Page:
• Ask yourself: What weight biases do I have that may be leading to the dissonance I am feeling about summer? This could be a great time to get curious about and unpack those.
    • Ask yourself: What thoughts can I alter when I recognize that they are as a result of internalized biases rather than on truth? How might this impact how I view or think about my body this summer?

4. Eating for Well-being

This principle promotes flexible, individualized eating based on hunger, satiety, nutritional needs, and pleasure, rather than any externally regulated eating plan focused on weight control.

  • Summer Mindset Application:
    • Food is not fuel at best, and the enemy at worst. Food is a source of connection, joy, creativity, and there are so many ways to tap into each of these this summer.
    • With summer being a time where many opt to be more social and active, consider finding a way to connect with others around you in a way that involves or is in the presence of food.
    • Question to help address summer food fears: Would I still fear or avoid this food if eating it had no impact or perceived impact on the size or shape of my body? Try to get the root of any lingering food fears and remember to eat for your holistic well-being, which includes much more than just your hunger and nutritional needs.

5. Joyful Movement

The fifth principle encourages people of all sizes, abilities, and interests to engage in enjoyable movement, to the degree that they choose.

  • Summer Mindset Application:
    • Ask yourself: What is a form of movement I may really enjoy but have avoided because of fear or body image shame? Whether it’s walking, swimming, or getting on the playground and going down the slide with your kids, siblings, or nieces and nephews, if it brings you joy, don’t let anything (including your own thoughts!) stop you! 
    • Remind yourself: I am allowed to disengage from or avoid movement that feels obligatory or that I am tempted to do to alter my body size or shape as a result of internalized diet culture *summer body guidelines.”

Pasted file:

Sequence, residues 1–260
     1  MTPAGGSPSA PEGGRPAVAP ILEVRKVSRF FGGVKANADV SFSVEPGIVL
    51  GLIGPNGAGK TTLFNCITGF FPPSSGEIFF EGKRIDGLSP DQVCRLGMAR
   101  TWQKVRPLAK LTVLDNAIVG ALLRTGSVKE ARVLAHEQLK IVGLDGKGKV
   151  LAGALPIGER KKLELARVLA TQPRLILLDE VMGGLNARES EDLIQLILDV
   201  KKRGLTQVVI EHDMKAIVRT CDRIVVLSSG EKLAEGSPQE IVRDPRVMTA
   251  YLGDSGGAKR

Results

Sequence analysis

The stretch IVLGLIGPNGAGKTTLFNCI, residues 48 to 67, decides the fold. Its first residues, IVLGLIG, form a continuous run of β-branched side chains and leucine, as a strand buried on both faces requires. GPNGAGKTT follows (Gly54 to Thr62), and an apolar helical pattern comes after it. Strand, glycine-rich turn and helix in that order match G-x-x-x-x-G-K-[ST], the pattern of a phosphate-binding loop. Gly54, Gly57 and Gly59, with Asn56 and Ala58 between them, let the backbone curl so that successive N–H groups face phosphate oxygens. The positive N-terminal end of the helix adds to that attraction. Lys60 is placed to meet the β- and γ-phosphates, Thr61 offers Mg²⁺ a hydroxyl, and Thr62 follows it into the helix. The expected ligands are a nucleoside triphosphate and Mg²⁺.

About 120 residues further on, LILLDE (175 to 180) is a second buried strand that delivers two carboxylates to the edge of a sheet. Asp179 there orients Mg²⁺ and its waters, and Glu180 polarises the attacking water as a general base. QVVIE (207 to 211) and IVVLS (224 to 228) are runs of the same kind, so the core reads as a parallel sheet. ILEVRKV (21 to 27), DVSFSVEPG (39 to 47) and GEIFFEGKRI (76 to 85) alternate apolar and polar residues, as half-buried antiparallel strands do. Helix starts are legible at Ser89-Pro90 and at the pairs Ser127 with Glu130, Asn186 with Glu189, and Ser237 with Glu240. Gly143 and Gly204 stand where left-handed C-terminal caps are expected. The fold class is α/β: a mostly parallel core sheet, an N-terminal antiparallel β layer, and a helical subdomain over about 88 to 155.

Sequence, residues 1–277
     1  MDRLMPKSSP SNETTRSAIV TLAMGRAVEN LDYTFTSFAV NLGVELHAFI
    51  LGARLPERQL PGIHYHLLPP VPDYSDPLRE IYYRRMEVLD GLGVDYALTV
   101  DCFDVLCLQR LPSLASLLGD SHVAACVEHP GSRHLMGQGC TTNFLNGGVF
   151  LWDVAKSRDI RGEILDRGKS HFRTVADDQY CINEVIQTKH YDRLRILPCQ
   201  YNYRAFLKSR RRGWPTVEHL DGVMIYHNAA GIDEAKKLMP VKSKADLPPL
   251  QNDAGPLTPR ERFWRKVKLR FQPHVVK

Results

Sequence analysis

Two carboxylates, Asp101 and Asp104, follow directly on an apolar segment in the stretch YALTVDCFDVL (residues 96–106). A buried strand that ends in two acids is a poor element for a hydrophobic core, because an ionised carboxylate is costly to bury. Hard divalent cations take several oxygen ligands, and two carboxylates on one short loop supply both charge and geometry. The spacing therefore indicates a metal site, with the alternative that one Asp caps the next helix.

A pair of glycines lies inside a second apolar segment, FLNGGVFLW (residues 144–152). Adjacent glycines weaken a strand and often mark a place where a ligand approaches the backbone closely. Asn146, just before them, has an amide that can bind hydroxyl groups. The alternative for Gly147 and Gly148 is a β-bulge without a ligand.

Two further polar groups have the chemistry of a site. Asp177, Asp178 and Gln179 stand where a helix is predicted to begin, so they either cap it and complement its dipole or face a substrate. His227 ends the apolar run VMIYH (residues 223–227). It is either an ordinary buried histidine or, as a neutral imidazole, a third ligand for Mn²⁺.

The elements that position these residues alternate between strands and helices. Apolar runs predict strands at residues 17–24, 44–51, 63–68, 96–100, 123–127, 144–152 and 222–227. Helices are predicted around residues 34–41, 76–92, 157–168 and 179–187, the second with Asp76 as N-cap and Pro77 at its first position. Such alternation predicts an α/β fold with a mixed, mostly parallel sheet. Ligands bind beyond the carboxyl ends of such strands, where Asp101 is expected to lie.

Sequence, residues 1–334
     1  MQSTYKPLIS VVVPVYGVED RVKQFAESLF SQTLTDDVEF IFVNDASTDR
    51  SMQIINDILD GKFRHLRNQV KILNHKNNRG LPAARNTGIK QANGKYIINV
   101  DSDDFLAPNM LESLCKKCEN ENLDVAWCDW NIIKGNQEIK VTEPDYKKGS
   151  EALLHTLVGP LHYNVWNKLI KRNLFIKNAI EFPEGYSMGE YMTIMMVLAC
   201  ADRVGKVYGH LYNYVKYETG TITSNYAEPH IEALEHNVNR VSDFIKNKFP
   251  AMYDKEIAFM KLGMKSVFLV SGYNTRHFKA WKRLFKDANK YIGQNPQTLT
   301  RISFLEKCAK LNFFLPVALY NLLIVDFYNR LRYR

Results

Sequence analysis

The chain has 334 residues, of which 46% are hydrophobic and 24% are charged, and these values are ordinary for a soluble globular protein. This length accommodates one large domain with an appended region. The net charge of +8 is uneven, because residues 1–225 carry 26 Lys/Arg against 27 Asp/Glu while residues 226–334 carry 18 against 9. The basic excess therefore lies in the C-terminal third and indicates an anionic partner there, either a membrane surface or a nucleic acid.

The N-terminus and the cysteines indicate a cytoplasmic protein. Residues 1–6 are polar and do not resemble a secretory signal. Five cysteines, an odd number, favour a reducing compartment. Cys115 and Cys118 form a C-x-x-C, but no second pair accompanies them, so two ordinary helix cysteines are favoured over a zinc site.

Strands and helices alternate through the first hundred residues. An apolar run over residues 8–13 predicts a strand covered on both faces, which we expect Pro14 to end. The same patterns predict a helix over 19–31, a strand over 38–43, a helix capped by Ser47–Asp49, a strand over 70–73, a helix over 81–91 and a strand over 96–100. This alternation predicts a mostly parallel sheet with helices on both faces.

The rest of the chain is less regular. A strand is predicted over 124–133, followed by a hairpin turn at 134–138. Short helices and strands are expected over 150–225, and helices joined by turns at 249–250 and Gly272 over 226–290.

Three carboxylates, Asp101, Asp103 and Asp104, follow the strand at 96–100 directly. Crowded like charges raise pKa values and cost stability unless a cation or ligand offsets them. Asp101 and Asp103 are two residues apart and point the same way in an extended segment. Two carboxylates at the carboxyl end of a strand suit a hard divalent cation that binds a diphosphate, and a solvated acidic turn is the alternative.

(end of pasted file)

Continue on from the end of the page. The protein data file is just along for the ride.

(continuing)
Making Room For *You* This Summer

This summer, let’s demand that negative thoughts about body image, eating disorder thoughts, and food fears *exit stage left* in order to make room for you. You not your eating disorder, anxiety over your body image, or thoughts about “what you will look like in a bathing suit” – deserve to shine in the spotlight as the main character of what has the potential to be your best summer in a long time. A summer where you are the best version of you, for you.

By: Erika Muller, Assistant for Wildflower Therapy LLC

All images via Unsplash

How Can Eating Disorder Therapy in Philadelphia, PA Help You?

If you’re looking for someone to come alongside you to help you unpack and approach the the complex set of emotions you may experience while on your eating disorder recovery journey, our therapists in Pennsylvania are honored to help!  In fact, you can get to know a little bit more about them here and book a free consultation here.

Other Mental Health Services Provided by Wildflower Therapy, Philadelphia, PA

Life is a unique and sometimes messy journey for each of us; we all have our own individual battles to fight. Our therapists know there is no one-size-fits-all approach to any of life’s challenges and because of that, we offer many unique perspectives and approaches to help meet you where you are with our Philadelphia, PA Therapy services.

We offer services for eating disorder therapy, services for anxiety, and depression, and have practitioners who specialize in perinatal mental health , maternal mental health, therapy for college students and athletes. As well as LGBTQIA+ Affirming Therapy. As you can see, we have something to offer just about anyone in our Philadelphia, PA office. Reaching out is often the most difficult step you can take to improve your mental health. We look forward to partnering with you on this journey!